Over 200 dance professionals joined dance medicine and science leaders at the Royal Society of Medicine to celebrate the opening of the National Institute of Dance Medicine and Science.
The National Institute of Dance Medicine and Science (NIDMS) provides a radical new approach to dancers’ healthcare which is one of the most pressing problems facing the growing industry. Injury treatment costs the subsidised dance sector on average £900,000 a year and £1 million in lost time. This problem impacts the entire industry.
This initiative is the result of a visionary partnership between six major dance organisations, universities and a hospital and five years of fundraising. The founding partners are Dance UK, Birmingham Royal Ballet’s Jerwood Centre for the Prevention and Treatment of Dance Injuries, Trinity Laban Conservatoire of Music and Dance, University of Wolverhampton, University of Birmingham and the Royal National Orthopaedic Hospital. Together, these institutions employ world leading experts in dance medicine and science, research, education and treatment.
NIDMS aims through shared expertise and a network of multidisciplinary hub-sites and partners, to provide access for all dancers to high quality, evidence-based, dance specific healthcare and dance science services. It will:
- be a focus for cutting edge research into dancers’ health, injury and performance, co-ordinating research nationally which will lead to more effective injury prevention
- provide education for dancers, teachers, scientists, healthcare and medical practitioners ·
- offer fast, affordable, specialist treatment for dancers, including the first NHS based dance injury clinic accessible FREE via GP referral
At the launch on Monday, 30 April 2012 the group announced the initial phase of the National Institute which includes the opening of the first specialist dance injury clinic embedded in the NHS, based at the Royal National Orthopaedic Hospital (RNOH) in London. Dancers will be able to access the clinic free via their GP.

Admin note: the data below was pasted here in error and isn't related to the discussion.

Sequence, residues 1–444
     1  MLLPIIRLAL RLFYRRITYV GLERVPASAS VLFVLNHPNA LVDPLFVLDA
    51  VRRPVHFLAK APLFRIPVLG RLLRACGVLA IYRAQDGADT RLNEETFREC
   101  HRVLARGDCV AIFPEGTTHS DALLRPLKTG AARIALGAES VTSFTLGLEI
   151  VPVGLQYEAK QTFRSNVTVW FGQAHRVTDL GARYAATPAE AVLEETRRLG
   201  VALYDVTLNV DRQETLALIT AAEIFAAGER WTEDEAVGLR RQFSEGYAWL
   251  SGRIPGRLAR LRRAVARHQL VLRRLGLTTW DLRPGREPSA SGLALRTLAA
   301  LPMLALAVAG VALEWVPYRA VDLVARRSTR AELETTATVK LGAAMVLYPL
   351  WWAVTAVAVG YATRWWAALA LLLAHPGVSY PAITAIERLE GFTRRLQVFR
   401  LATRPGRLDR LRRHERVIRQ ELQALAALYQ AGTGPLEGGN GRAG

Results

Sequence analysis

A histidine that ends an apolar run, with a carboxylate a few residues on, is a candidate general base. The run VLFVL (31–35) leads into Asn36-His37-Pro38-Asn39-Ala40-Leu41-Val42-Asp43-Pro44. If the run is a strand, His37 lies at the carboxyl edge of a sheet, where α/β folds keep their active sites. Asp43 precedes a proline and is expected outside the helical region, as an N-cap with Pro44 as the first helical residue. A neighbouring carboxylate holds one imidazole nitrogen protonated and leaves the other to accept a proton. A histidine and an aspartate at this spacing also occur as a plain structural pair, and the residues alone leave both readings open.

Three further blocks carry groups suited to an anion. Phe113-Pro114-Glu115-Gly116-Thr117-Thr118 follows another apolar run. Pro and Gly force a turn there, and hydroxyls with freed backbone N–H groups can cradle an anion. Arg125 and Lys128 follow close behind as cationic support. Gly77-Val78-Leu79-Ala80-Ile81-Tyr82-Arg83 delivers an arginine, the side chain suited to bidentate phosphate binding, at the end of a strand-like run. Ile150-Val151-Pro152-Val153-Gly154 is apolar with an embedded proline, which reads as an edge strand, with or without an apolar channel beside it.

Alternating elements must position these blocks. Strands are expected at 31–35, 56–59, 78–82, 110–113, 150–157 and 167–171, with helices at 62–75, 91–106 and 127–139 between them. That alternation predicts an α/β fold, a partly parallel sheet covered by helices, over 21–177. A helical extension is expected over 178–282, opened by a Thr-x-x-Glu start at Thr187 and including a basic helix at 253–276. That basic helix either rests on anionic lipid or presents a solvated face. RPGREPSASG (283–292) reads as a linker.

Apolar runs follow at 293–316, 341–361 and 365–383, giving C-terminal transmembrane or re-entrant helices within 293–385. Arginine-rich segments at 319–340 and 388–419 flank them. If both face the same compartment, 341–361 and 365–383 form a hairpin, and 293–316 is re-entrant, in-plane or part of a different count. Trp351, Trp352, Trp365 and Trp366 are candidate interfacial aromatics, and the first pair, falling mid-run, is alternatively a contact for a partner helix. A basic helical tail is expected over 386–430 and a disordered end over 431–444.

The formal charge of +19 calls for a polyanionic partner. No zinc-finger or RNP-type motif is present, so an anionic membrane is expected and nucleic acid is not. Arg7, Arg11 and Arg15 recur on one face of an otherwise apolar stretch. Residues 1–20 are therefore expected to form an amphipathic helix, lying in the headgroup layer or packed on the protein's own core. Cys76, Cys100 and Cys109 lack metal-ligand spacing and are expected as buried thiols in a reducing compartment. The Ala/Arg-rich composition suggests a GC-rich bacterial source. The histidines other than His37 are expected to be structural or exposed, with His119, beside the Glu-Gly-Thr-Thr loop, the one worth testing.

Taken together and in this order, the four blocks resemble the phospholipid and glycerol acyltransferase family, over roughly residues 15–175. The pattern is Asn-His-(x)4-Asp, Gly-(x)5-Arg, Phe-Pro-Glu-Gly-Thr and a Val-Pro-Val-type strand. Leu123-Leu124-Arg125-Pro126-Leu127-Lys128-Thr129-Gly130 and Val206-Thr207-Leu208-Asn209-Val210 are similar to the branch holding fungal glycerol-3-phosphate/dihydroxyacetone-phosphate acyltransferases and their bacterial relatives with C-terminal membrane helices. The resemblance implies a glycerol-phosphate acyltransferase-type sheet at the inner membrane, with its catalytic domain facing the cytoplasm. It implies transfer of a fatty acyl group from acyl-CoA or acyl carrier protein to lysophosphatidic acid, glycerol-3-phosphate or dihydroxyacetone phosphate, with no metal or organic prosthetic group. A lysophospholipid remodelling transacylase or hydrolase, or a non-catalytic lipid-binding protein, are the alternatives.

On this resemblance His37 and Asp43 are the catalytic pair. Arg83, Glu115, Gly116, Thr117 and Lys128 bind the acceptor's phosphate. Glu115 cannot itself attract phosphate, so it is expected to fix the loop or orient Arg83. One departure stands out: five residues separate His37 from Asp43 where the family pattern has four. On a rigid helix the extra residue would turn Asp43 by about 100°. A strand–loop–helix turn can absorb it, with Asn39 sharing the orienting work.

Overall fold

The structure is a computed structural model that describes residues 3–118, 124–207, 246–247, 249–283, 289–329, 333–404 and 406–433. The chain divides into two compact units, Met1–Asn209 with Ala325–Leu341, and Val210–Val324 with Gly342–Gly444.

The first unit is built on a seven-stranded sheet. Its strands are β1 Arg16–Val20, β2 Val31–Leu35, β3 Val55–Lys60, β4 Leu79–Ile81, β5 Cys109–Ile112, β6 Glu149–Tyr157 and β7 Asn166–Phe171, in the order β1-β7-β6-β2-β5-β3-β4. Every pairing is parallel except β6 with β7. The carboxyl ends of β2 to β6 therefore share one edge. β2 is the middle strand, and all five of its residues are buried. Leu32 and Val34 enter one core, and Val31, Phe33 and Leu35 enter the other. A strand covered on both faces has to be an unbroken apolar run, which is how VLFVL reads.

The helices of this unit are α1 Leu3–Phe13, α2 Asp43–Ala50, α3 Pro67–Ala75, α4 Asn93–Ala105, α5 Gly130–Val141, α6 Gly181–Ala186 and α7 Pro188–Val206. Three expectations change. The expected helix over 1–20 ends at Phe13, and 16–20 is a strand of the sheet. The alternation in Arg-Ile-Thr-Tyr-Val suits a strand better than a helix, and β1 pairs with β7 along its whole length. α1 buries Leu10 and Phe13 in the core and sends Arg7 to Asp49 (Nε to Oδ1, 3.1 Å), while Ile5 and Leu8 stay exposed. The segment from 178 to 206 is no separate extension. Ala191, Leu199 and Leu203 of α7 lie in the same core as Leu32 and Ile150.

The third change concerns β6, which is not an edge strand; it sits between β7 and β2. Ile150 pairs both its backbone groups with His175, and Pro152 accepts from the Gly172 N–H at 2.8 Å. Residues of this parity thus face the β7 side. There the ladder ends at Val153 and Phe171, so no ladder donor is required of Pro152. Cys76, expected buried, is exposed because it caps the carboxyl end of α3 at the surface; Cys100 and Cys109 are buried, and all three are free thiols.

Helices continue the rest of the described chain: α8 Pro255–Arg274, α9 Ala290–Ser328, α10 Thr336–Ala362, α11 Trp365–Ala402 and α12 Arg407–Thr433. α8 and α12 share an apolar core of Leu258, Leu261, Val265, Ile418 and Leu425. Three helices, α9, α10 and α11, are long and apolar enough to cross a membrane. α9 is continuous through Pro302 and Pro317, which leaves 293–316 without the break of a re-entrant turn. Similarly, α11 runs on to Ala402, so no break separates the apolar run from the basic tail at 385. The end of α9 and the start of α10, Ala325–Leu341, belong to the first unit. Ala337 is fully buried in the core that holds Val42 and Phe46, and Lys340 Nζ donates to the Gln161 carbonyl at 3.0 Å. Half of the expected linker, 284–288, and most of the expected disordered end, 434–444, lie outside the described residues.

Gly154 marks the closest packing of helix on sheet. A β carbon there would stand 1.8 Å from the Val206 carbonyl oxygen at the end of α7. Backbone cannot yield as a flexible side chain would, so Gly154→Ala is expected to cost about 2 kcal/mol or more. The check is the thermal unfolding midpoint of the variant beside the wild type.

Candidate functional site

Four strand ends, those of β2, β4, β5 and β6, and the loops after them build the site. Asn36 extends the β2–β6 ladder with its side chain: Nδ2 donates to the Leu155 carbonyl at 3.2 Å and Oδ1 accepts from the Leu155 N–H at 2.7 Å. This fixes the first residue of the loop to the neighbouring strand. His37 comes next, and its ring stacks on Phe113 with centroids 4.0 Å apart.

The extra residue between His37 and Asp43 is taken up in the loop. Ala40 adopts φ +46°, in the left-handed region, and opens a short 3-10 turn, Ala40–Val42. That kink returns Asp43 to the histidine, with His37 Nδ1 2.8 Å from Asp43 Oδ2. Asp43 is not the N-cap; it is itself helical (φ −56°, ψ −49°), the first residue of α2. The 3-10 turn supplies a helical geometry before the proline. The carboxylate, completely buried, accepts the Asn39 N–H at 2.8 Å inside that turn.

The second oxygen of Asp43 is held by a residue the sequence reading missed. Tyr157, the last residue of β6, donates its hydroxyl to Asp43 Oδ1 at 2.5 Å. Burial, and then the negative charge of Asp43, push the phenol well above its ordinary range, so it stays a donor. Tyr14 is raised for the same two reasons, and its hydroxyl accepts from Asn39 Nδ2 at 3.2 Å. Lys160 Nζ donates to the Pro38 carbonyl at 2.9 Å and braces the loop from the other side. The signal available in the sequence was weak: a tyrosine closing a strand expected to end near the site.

The vision is that after establishing the first NHS clinic, further funds will be raised to support the creation of similar services where there are concentrations of dancers across the UK over the next five years. The clinic has already treated several dancers including providing speedy specialist treatment and an operation, via the NHS, for an injured dancer who was performing in ZooNation’s Some Like It Hip Hop at the Peacock Theatre. Dancers can also access specialist private treatment through the dance medicine and science services at Trinity Laban and Birmingham Royal Ballet’s Jerwood Centre for the Prevention and Treatment of Dance Injuries.
Kate Prince, Artistic Director of ZooNation Dance Company says:
“NIDMS is absolutely crucial for the future of the dance industry. Dancers are athletes and their bodies need free or affordable specialist care to help them through their careers and specifically in case of injury, they need quick access to expert diagnosis, treatment and rehabilitation. I wish this facility had been open in 2008 when I broke my foot at the Beijing Olympic Handover.”
Central to NIDMS is its plans to undertake research. The NIDMS partners have designed a large-scale, prospective, epidemiological research project, which is needed to fully understand the multi-dimensional causes of injury in different populations of dancers, and the best strategies for preventing and treating them.
This project will be the first of its kind on this scale in dance in the world. It will have an observation – intervention – observation design. Analysis of the data collected will enable the dance sector to develop optimal injury prevention and fitness programmes for dancers working and participating in a variety of contexts, helping to reduce the rate of injuries and get dancers back performing more quickly.
This research element of NIDMS will be led by the dance science departments at Trinity Laban Conservatoire of Music and Dance and University of Wolverhampton, and the Dance Psychology Research Group in the School of Sport and Exercise Sciences and the School of Psychology at University of Birmingham, working together with the teams at RNOH and Birmingham Royal Ballet’s Jerwood Centre for the Prevention and Treatment of Dance Injuries.